Grass Roots: The Beauty and Fragility of Our Native Plants

This photo essay calls us to contemplate the significance of something as ordinary as a blade of grass.
by Helen Yoest | photography by Liz Condo

Picture bison and elk grazing across the Piedmont. Can you hear the calls of quail off in the distance, along with the charming lilt of the meadowlark? Now listen: can you hear the buzz of the native bees and, with the slightest breeze, the rustle of dried native grasses?

Hundreds of years ago, the Piedmont boasted millions of acres of grasslands, prairies, and open tree savannas, landscapes characterized by little to low tree coverage. The Indigenous peoples helped sustain these grasslands with fires to keep the land open. As European colonialists moved in, the Piedmont region lost upwards of seven to 10 million acres of grassland. Why? These grasslands were open and the easiest to plow and turn into farmland. Within the last two hundred years, most prairies were converted into farms and pastures; then into cities and suburbs. According to the Southeastern Grasslands Initiative, about 90% of these precious habitats are lost.

As advocacy efforts have grown around preserving native ecosystems, including everything from bees to streams to native plants, local organizations such as Triangle Land Conservancy, the Piedmont Prairie Partnership of the SGI, and the North Carolina Museum of Natural Sciences, as well as individual landowners, have been doing their part to restore grasslands in particular. Without these protections, many native habitats would be lost forever.

Native grasses filter water and serve as habitats and protection for countless insects and small animals. Flowering grasses attract pollinators, and once the seed heads form, they become a feast for various species of birds, particularly goldfinches, providing nourishing protein throughout the winter. Many birds also make their nests from dried grasses — if you’ve ever monitored a bluebird box, you may have noticed it used as nesting material. In late summer, female common wood nymphs become more active and deposit eggs on or near host native grasses.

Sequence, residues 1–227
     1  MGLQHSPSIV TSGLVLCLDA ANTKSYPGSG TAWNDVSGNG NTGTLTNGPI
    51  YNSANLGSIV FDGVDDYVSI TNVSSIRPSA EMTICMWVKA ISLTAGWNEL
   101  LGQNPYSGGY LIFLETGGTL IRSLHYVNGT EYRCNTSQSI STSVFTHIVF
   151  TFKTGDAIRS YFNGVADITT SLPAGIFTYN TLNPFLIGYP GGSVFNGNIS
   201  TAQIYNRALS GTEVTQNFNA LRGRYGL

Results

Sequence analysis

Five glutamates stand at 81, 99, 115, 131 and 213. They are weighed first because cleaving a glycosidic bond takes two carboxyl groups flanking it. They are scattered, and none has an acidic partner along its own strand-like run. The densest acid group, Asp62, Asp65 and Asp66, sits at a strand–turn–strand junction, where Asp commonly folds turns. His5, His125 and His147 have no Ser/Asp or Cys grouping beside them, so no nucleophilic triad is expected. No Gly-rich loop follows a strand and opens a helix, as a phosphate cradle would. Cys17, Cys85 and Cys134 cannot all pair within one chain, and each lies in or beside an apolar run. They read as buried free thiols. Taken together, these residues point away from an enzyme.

Native grasses aren’t showy — they don’t demand ardent declarations of love, like a majestic oak with broad canopy and strong trunk. But if you slow down and really look, you’ll see their subtle beauty: the myriad shades of green as morning light filters through a slender blade, fuzzy buds and blossoms that bring texture to a field of spindly leaves, how the grass softens the rise and fall of the land. These quieter pleasures remind us of how fragile our environment is, and invite us to do our part. 

The white flowers of a species of Erigeron bloom in a native meadow in Goldston.
Flowering grasses support a huge range of other species. Here, one of our native carpenter bees alights a nectar-rich flowering bee balm known as wild bergamot, Monarda fistulosa. This plant welcomes a number of specialist bees, including small bumblebees, predatory wasps, and hawk moths, and also attracts hummingbirds. Several varieties of bee balm are also host plants for caterpillars.
Horton Grove Nature Preserve, a historic landmark in Bahama, is one site where grassland habitats are being restored and protected. With over 700 acres, it opened in 2012 as the Triangle Land Conservancy’s largest public preserve, and offers nearly 8 miles of hiking trails open to the public.
One of the preserve’s many goals is to see the return of migratory bird species and provide a stopover or wintering habitat for the American woodcock. Horton Grove showcases a diversity of native plants, including Rattlesnake Master, Eryngium yuccifolium, and Mountain Mint, Pycnanthemum spp. 
A species of Mountain Mint grows at Horton Grove Nature Preserve in Bahama.
The Prairie Ridge Ecostation, an outpost of the North Carolina Museum of Natural Sciences, consists of nearly 40 acres of old cow pasture for grassland development. Our native milkweed, Asclepias spp., was almost lost along with the grasslands. Milkweed is the only host plant of the migratory monarch butterfly, and the east coast has realized a loss of more than 90% of our monarch butterfly population as well.
Here, a male monarch feeds on common milkweed, Asclepias syriaca.


This article originally appeared in the September 2021 issue of WALTER magazine.